Watchdog panel raps France over toxic warship
MUMBAI, Jan 6 (AFP) - An Indian Supreme Court panel accused France on Friday of violating an international treaty on hazardous waste movement by sending an asbestos-laden warship to be scrapped in an Indian shipyard. But the environmental watchdog body said it needed two weeks more to get a "clear picture" and decide whether to recommend allowing the warship to proceed to the world's largest ship-breaking yard in Alang in western Gujarat state. "The country which has sent the ship to India is not observ
MUMBAI, Jan 6 (AFP) - An Indian Supreme Court panel accused France on Friday of violating an international treaty on hazardous waste movement by sending an asbestos-laden warship to be scrapped in an Indian shipyard.
But the environmental watchdog body said it needed two weeks more to get a "clear picture" and decide whether to recommend allowing the warship to proceed to the world's largest ship-breaking yard in Alang in western Gujarat state.
"The country which has sent the ship to India is not observing the Basel Convention on movement of hazardous waste," G. Thyagrajan, chairman of the Supreme Court Commission on Hazardous Wastes, told reporters in Mumbai.
The treaty outlaws the transfer of dangerous materials from one country to another.
"The ship should not be allowed to enter (Indian waters) until a final view is taken," he said, adding a recommendation will be made "in two weeks time."
The case has stirred an international outcry among environmentalists who have accused France of using India as a dumping ground for toxic substances.
The aircraft carrier, Clemenceau, which was insulated with asbestos, is being towed to India to be broken up for scrap. The voyage, which began last weekend, could take up to two months.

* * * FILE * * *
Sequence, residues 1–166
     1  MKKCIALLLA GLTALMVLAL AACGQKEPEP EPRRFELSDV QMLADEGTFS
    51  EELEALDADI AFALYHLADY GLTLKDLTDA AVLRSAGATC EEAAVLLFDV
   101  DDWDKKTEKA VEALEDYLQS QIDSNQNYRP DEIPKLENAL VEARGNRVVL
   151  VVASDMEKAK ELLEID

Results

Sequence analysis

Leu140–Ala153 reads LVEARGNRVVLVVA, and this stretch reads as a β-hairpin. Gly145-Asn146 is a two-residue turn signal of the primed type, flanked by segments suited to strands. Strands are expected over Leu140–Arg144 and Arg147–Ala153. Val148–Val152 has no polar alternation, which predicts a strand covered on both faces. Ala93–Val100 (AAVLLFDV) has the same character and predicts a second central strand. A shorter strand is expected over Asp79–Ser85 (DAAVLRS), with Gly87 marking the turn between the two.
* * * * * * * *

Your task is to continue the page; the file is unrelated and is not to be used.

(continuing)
The panel chief also noted at the news conference contradictory information about the amount of asbestos aboard the vessel.
"The information regarding the asbestos is varying ... and therefore we need more information to take a final decision," he said. "People have not been transparent in disclosure of information."
The French defence ministry said Thursday the ship contained no more than 45 tonnes of asbestos.
Its statement came after Jean-Claude Giannino, an official of Technopure, one of the firms contracted by the French government to remove a large amount of asbestos from the ship before sending it to India, said the vessel still contained 500 to 1,000 tonnes of asbestos.
Earlier this week, the panel chairman signalled a tough stand on the vessel, saying his position was "that there should be no import and no export of hazardous substances and no exceptions to that rule."
In an interview with The Hindu newspaper, he said, "we expect that countries ... such as France who are signatories to the Basel Convention have a moral responsibility to ensure that they do not allow anything containing hazardous materials to be sent to friendly countries."
International environmental group Greenpeace has branded France's move to send the 24,200 tonne aircraft carrier to India "a symbol of the developed world's arrogant assumption that India can be a recipient for their refuse."
Greenpeace India spokesman Ramapati Kumar welcomed "the panel's observation that the ship is undesirable and needs to be kept out of Indian waters."
"We also appreciate that the panel recognised that allowing the ship in Indian waters will violate the Basel convention," he told AFP.
The panel's statement came after representatives of Technopure appeared before it.
Greenpeace and three other groups have tried for months to block the transfer on grounds that Indian shipyard workers are not properly protected from the hazards of working with asbestos, which can cause fatal lung diseases.
They also say it will pollute the environment.
But another environmental group, Robin des Bois or Robin Hood, has argued France acted responsibly by undertaking 90 percent of the asbestos decontamination work itself — a first for European shipping.
The Clemenceau, which was commissioned in 1961 and took part in the 1991 Gulf War, was taken out of service six years later when it was superseded by the nuclear-powered aircraft carrier Charles de Gaulle.
Greenpeace said the ship had already been rejected by Turkey and Greece and the Indian government's "passive acceptance of this dumping is certainly not in keeping with the country's growing international stature."
Subject: French news